Real Life Agile HR: A Sprint Case Study
In our last post, we provided an introduction to the Agile Methodology for HR professionals. This time, we’re taking a look at Agile HR in real life with a short case study on how to use a Sprint to solve a challenge.
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Agile HR in Real Life: Staffing Sprint
A recent HR Collaborative client in the retail industry was struggling with a significant challenge: staffing. In the current candidate market, many organizations are facing this same obstacle.
With hundreds of employees and several locations open 24/7, attracting and retaining employees was critical to this client’s success. To start moving forward quickly, we decided to tackle the issue together using one of the core practices of the Agile Methodology — a Sprint.
Why a Sprint?
For this particular case, a Sprint offered a variety of benefits.
First, using a Sprint allowed for immediate action. The effects of staffing issues were adding up quickly, and they were directly affecting the bottom line. But with such a big challenge, it was easy to be paralyzed by where to start. The lightweight nature of a Sprint helped get the ball rolling.
Second, it allowed the team to be more creative. Sprints encourage low-risk experimentation. Without the overwhelming pressure of selecting the perfect strategy, a Sprint permitted the client to brainstorm a variety of tactics that were outside their usual line of thinking.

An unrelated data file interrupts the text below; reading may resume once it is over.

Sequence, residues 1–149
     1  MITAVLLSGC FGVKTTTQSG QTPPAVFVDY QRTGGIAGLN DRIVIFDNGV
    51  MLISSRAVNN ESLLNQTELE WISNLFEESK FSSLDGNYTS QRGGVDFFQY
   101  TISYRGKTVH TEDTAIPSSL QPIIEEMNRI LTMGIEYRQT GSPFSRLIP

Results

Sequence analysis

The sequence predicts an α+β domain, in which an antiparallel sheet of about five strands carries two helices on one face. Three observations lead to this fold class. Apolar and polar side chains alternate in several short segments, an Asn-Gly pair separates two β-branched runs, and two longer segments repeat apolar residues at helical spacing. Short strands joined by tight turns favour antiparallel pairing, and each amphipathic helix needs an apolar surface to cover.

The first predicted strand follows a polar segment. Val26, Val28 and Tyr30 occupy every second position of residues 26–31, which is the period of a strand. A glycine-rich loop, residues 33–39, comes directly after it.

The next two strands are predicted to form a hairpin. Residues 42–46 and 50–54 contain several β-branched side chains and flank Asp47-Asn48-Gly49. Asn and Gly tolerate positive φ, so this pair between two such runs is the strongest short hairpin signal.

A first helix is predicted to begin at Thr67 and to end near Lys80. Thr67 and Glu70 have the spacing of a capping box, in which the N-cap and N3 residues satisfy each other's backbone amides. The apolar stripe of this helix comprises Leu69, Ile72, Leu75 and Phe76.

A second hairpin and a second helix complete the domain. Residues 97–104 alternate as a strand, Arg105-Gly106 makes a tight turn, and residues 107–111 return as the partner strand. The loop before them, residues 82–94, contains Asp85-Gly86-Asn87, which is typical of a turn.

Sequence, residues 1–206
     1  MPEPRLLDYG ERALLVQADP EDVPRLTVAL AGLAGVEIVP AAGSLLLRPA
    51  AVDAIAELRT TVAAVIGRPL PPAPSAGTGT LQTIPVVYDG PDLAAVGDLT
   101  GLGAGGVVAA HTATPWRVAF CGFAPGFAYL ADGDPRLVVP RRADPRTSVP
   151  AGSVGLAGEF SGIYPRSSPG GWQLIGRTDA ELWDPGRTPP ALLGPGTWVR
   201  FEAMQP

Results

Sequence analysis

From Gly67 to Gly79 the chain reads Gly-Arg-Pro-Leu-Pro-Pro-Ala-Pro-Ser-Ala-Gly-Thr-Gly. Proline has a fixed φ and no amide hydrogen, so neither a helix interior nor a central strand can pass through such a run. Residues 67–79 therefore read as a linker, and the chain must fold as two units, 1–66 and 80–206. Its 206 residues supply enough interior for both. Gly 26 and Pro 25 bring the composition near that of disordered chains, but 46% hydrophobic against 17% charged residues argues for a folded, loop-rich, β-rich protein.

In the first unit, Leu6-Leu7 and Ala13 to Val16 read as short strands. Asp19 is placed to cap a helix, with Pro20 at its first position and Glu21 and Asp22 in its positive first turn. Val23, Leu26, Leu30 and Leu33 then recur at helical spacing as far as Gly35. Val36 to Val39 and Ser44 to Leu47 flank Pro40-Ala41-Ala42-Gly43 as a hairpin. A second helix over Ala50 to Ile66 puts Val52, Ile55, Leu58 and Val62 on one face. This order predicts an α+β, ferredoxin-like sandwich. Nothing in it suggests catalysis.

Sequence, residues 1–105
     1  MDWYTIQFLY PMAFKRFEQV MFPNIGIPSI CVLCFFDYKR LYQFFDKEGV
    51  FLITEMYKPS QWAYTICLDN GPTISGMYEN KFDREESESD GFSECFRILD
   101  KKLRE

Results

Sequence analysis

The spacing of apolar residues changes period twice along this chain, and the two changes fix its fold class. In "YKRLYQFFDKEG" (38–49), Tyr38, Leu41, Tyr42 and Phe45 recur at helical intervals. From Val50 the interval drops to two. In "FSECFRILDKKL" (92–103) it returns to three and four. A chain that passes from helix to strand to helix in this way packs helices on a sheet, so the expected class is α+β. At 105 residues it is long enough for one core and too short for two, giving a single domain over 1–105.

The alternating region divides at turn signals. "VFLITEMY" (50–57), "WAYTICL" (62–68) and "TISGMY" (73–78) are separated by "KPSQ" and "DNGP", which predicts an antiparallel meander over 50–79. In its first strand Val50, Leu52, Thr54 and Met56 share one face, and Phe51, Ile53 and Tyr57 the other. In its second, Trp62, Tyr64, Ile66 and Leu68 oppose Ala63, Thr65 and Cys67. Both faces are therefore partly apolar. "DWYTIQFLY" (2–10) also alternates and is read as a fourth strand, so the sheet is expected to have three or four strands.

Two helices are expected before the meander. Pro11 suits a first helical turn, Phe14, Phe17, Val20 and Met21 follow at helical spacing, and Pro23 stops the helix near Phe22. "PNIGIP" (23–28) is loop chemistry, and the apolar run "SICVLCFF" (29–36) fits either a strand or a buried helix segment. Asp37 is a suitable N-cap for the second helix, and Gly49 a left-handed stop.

And finally, it provided real-time flexibility. Each location had its own set of staffing challenges. Because of the built-in feedback loop, the team could continually tweak the approach for different locations until they found the combination that worked.
What We Did Together
We started off by gathering all of the frontline managers together. This meeting helped get everyone on the same page about solving the staffing issues.
At the meeting, we came up with a variety of new and exciting ideas. And it only took 90 minutes! There were no wrong answers; we just posed the question, “What can we do?”
Then, we narrowed down those ideas to four. We wanted to test them out quickly, so we prioritized those four ideas and went right into experimentation mode.
Together, we selected a few specific stores and had those stores’ frontline managers implement the ideas to see the impact.
And then, we measured the results. If an idea did make an impact, we rolled it out to several other stores to ensure it would be effective for all.
From conception to experimentation, the Sprint only took four weeks. We continued to measure results after the initial rollout to ensure we had the right stickiness for those new stores.
The results? Pilot stores received 25x more applicants than before the Sprint, and retention for new hires over the holiday season was 100%.
A Sprint can be a valuable tool when you’ve identified a problem that needs a solution quickly.
When starting out any Sprint, get the right people in the room — the people that are closest to the problem — to come together and generate a variety of ideas.
Then, start experimenting. By testing in real-time, you’ll be able to quickly see what works and then roll out the idea to more and more areas of the business.
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